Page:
Additionally, you will require application engineers to configure your application to FedRAMP controls (NIST 800-53), as well as a seasoned project manager to guide the process through to authorization and manage all ongoing continuous monitoring requirements. You’ll need to select a third-party assessment organization (3PAO) to assess the application, SSP and all documentation. And to complicate matters, there is a re-authorization process that has to be completed with FedRAMP annually, so having access to experts who can recognize potential issues and changes in the requirements can be critical.
Even those companies with sufficient resources to undertake the process on their own recognize the need to bring in outside experts and hosting capabilities to accelerate their routes to market. But this usually rachets up the cost and complexity as multiple consultants and contractors get on (and stay on) the clock for unpredictable periods of time.
One possible better alternative is to utilize a services vendor who can bring these diverse resources under one roof and provide them to you on a predictable, flat-rate basis.
FedRAMP Authorization: Can I Afford It?
What will authorization cost your company, and how can you ensure the investment is reasonable and predictable? The answers can vary widely depending on the technical nuances of your application and your available resources.
As mentioned previously, achieving FedRAMP authorization on your own can cost millions. There are significant costs for both DIY and crowdsourced options, involving multiple consultants or internal hires. Your ability to identify, plan for and manage those costs is critical to maintaining your profit margins when you begin selling to the federal government.
There are several additional considerations associated with authorization that can color your decision of whether or not to handle this process internally:
Hosting: Before placing your app in a FedRAMP authorized cloud, be sure to determine how many of the security controls it will inherit from the hosting environment itself. If you opt to host the software yourself, you’ll have to document and go through all of the controls for your own environment. Many companies that host their own apps in their own data centers still have to start from scratch, which can take more time than hosting in a third party cloud that already has the appropriate authorizations.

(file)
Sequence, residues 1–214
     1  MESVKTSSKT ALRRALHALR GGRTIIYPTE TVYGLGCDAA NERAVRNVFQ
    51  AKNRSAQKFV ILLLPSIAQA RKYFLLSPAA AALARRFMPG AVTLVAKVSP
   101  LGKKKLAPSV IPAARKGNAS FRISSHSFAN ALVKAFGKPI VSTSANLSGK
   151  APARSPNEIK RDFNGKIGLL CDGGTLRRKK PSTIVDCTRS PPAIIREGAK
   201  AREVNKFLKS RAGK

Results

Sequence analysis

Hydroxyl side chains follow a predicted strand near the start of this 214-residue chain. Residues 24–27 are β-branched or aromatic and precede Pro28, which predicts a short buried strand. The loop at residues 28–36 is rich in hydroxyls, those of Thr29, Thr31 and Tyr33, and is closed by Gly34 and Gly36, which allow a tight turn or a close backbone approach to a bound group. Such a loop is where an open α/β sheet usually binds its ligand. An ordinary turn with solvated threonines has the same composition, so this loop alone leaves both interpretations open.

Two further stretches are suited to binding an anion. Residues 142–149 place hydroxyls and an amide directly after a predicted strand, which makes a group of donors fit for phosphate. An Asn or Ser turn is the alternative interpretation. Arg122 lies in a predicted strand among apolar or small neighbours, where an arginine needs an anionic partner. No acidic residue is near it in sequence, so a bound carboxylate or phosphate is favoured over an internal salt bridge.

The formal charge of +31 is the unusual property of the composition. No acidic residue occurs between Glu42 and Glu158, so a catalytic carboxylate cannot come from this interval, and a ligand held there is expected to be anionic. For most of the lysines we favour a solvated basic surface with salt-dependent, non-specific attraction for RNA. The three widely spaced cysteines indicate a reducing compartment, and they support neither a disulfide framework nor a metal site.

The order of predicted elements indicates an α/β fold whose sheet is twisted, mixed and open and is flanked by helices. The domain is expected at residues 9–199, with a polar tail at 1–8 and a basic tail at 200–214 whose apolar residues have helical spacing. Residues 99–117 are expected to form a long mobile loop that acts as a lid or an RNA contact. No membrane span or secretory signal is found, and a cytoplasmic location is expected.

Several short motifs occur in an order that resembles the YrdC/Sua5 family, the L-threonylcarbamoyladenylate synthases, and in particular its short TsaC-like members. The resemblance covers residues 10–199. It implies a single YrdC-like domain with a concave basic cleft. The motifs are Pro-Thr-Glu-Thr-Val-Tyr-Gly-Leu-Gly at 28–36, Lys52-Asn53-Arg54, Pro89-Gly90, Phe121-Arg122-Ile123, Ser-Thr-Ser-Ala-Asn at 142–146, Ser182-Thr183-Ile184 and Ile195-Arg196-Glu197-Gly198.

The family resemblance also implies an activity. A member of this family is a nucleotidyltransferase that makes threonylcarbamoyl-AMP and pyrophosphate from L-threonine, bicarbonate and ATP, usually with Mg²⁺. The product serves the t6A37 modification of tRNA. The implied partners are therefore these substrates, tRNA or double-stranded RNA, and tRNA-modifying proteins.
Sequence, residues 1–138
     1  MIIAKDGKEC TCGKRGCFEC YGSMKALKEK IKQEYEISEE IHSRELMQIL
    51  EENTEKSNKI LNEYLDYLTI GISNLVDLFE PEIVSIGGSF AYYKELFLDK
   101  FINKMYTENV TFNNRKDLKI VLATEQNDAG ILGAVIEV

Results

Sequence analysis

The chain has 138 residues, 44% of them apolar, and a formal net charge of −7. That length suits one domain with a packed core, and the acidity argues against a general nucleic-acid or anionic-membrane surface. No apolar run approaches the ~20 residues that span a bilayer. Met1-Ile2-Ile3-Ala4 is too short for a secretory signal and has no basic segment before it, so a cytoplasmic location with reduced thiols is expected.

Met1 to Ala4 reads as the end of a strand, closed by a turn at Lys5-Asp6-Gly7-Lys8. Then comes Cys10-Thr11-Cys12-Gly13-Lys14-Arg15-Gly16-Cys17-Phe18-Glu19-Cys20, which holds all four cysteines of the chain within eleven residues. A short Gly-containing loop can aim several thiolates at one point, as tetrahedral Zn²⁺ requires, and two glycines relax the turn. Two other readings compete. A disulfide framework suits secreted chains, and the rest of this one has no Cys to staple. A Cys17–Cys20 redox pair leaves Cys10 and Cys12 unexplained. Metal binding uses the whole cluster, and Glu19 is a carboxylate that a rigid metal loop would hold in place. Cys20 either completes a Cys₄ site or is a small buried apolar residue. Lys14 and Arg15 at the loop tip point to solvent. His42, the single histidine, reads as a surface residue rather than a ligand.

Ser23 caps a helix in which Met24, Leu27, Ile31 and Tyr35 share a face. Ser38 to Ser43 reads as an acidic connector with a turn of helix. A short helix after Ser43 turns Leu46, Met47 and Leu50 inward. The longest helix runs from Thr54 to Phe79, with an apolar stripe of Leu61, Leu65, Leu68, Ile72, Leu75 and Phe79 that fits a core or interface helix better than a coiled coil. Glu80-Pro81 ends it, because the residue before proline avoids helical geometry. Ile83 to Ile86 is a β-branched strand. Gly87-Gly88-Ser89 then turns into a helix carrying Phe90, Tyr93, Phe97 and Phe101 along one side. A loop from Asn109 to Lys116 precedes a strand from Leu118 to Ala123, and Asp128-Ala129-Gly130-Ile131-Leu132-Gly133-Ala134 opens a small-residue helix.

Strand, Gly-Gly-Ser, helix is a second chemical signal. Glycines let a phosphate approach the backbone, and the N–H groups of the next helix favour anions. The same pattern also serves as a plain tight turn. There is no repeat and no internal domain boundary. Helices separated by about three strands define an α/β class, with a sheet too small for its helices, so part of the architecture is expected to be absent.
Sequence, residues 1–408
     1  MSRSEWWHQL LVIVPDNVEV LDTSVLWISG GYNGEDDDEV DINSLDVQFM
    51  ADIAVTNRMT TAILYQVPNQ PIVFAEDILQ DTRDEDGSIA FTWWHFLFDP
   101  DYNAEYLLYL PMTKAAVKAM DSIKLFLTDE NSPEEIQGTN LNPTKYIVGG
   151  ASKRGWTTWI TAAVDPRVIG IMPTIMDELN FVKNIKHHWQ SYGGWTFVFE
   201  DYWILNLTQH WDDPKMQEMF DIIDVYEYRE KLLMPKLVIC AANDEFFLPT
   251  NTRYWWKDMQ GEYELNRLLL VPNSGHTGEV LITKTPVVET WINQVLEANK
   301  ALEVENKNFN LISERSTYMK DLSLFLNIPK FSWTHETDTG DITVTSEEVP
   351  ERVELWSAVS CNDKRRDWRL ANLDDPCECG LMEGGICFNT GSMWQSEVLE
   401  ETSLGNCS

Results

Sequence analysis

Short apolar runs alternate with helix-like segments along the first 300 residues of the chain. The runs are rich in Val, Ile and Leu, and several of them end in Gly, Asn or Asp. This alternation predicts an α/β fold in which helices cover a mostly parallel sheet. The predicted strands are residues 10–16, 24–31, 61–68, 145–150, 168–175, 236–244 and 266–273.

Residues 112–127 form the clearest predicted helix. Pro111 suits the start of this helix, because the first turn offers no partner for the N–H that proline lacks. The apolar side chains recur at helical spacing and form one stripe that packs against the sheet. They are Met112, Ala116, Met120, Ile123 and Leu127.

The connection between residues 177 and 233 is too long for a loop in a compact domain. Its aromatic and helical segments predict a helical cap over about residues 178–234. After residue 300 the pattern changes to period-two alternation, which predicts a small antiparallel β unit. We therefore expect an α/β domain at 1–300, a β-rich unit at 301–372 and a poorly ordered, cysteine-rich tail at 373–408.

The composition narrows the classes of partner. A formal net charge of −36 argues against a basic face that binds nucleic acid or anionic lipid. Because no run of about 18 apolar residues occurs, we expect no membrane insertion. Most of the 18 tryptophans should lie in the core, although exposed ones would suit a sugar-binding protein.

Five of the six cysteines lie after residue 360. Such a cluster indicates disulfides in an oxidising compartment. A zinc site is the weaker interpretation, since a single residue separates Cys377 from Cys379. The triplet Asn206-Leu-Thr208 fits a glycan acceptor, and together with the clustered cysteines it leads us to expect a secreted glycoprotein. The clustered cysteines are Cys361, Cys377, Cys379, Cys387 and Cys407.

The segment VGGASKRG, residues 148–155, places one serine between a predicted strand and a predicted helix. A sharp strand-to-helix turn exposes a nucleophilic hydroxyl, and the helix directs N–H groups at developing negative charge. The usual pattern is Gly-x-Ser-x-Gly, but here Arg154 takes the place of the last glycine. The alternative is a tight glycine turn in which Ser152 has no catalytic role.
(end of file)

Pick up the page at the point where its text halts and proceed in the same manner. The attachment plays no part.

Managed Services: Most public cloud service providers will leave you with the responsibility of managing the application – from continuous monitoring to patching updates to application security. Look for a service provider that offers a more comprehensive approach and can manage the application on your behalf. This might include installing the application in the cloud, locking down continuous security and ensuring compliance with requirements on an ongoing basis.
FedRAMP authorization is a necessary but complicated process that can consume a significant amount of a company’s human and financial resources.
It is possible to handle the entire process internally – provided you have a team of experts who understand and can document the complex federal compliance, security technology and engineering details required for authorization. What’s more, you will need to host your application in an authorized environment, verified by a third-party assessment organization. And you must have competent project management to drive the process each year and continuously report to the FedRAMP PMO and your government customers.
For these and other reasons we’ll explore in a future column, it may make the most sense to continue to focus on your core business and to outsource the full authorization process to a provider that can improve your time to market while controlling your cost.
Lloyd McCoy is a manager on the Market Intelligence team at immixGroup, an Arrow company, which powers the future of public sector IT. The team utilizes a research-driven approach to help technology companies develop successful business strategies to sell to the public sector. He can be reached on LinkedIn at www.linkedin.com/in/lloydmccoy/